Estate Planning

How Does a Living Trust Lawyer Assist in Asset Protection

How does a living trust lawyer assist in asset protection

Determining who to get your money and property(assets) after you die can be challenging. You want to make sure your heirs get what is appropriate for them without unnecessary delays. You can use a living trust for this purpose because it’s very similar to a Will but with better advantages.

Any assets you place in a living trust don’t have to go through a long and expensive probate process as it is with a Will. This means your heirs will get what you apportion to them much more efficiently.

There are a couple types of living trusts, and your assets and debts are treated differently based on the type you choose. Can a living trust lawyer assist in asset protection? Continue reading to learn more about how a living trust works.

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How Does a Living Trust Work?

A living trust is an estate planning tool that enables you to transfer ownership of huur assets to a separate fund while you’re still alive. Also, a living trust lawyer can help protect your assets by setting up a trust that holds your property.

The trust can provide instructions on how your assets should be managed and distributed, which can help avoid probate and minimize estate taxes. They can also provide guidance on how to structure the trust to protect your assets from creditors and lawsuits. It's always a good idea to consult with a lawyer to understand the specific laws and regulations in your area.

There are two types of living trusts: revocable and irrevocable. These trusts allow you to assign your property to your chosen heirs or organization. When you pass on, they will get the assets assigned to them.

Here’s everything you need to know about the two types of trusts:

  1. Revocable trust

A revocable trust allows you to amend it as often as you like before you die. Until your death, everything in the trust is still yours. When you pass on, the assets in the trust are declared part of your estate, and the trustee you assign controls the distribution of your assets.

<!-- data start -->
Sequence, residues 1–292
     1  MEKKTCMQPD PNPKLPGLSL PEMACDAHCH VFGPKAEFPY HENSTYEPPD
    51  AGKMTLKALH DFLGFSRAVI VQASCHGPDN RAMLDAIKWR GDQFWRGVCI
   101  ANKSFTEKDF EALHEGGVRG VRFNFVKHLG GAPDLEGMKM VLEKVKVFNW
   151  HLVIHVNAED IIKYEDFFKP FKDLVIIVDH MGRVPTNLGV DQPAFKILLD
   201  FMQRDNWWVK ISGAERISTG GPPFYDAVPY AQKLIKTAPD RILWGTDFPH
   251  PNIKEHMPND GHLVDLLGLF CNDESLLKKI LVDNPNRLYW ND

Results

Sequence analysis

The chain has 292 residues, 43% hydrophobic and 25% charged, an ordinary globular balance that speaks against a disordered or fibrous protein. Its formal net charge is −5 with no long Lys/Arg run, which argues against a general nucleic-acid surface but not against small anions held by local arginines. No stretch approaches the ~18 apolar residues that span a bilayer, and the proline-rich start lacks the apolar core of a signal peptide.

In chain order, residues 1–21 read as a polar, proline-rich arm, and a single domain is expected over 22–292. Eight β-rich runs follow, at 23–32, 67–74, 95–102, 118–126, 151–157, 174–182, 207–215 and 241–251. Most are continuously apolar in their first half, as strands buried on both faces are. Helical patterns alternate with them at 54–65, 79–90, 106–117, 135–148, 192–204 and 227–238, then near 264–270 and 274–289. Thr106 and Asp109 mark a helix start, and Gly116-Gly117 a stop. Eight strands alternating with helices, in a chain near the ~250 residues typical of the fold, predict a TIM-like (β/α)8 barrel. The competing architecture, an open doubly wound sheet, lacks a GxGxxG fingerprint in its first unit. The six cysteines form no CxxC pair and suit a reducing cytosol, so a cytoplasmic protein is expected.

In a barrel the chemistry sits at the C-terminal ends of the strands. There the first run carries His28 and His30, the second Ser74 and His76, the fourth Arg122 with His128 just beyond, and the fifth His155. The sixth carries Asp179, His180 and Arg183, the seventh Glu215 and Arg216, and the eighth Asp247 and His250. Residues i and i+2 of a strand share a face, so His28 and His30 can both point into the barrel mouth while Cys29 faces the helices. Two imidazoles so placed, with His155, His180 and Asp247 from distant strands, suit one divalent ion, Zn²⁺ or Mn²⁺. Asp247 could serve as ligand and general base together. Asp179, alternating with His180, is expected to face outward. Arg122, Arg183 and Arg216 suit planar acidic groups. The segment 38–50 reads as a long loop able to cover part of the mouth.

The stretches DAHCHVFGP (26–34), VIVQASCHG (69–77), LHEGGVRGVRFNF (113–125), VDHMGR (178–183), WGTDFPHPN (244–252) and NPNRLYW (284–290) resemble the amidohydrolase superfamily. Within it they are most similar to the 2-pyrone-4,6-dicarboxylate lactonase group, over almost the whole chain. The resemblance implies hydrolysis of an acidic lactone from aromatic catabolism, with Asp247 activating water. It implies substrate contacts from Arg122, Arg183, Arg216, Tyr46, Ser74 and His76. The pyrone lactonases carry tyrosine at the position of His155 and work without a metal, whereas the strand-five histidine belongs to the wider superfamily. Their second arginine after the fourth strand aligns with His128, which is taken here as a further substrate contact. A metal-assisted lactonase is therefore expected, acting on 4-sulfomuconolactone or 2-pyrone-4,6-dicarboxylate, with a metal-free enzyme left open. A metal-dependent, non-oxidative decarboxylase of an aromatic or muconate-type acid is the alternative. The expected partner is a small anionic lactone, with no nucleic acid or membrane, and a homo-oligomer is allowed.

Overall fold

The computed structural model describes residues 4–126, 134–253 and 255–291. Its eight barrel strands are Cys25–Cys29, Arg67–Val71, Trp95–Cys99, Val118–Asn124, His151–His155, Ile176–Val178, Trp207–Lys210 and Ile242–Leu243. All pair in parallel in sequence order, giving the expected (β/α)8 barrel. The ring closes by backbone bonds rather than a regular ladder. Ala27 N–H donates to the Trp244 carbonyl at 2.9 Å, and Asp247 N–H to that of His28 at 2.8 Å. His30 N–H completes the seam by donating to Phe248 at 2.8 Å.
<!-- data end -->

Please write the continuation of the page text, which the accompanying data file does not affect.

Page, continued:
After your heirs get their assigned property and assets, the trust then ceases to exist. However, with a revocable trust, your assets will not be shielded from creditors looking to sue. That’s because you remain in control of your trust while you’re alone, hence if you lose a lawsuit, and the creditor wins, the trust may have to be closed and the money transferred to the creditor.

  1. Irrevocable trust

An irrevocable trust cannot be changed or revoked after you sign it. Once you sign, everything listed becomes the property of the trust. This means you no longer have ownership over the assets so you won’t be required to pay taxes. Also, creditors seeking repayment of debt cannot chase after the asset placed in an irrevocable trust. However, if you sign an irrevocable trust with the intention of defrauding creditors, legal actions may be taken to reverse the situation.

There are different types of irrevocable trusts, including those specialized for funeral costs or life insurance. These kinds of trusts protect your assets from creditors since the properties in it aren’t yours anymore. You cannot be compelled by a judgment creditor to close the trust to reconcile any debt. The only exception to this rule is if fraud is involved.

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At Citadel Law Firm, we have the best estate planning lawyer who can help you understand your options for estate planning and asset protection.

Our lawyers will examine your financial situation and help you arrive at the best estate planning strategy for you. With your full cooperation, we can devise better ways to assist in your asset protection.

Contact us today to learn more about our services!